Why is it so difficult for many to start conversations, regardless of their courage or circumstance? What are some of the things we tell ourselves that are successful in getting us to "break the ice"?


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Choisya
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Re: All that whaling lore

Ziki: I believe that Melville really wanted to write non-fiction containing his political and personal philosophies but he found that these essays/books did not sell and so he decided to turn to fiction and put his ideas over in a different way. It (eventually) worked! (Ilana will be able to expand on this but I think I am roughly correct - I don't have my book Notes by me at present:smileyhappy:)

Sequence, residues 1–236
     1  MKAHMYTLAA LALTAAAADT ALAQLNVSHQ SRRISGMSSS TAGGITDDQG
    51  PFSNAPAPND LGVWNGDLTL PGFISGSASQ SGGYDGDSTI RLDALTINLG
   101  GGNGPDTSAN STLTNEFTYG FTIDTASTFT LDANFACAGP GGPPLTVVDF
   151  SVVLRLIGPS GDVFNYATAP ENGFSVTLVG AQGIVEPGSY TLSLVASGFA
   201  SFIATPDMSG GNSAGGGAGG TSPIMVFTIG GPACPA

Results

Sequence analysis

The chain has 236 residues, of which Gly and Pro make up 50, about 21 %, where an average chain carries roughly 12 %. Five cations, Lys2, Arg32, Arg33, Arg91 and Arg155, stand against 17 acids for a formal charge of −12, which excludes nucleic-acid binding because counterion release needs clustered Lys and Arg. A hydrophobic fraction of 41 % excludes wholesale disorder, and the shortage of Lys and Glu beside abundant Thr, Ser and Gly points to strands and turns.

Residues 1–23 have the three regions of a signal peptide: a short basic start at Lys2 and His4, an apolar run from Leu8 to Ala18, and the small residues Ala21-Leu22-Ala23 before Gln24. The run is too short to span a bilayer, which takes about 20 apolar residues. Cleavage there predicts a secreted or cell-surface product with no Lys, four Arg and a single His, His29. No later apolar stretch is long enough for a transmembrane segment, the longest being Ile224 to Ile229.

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to converse in the morning-off topic



Choisya wrote:
I hate mornings myself and when I was at work I tried to avoid conversation until around 11am:smileyvery-happy:





HAhah , you and I would make good co-workers. Once a producer told me: if I wanted to ask you a question and get a reasonable answer I knew I had to wait until 1 p.m.

I was shocked, ROFL.

ziki
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Choisya
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Re: are we all slaves?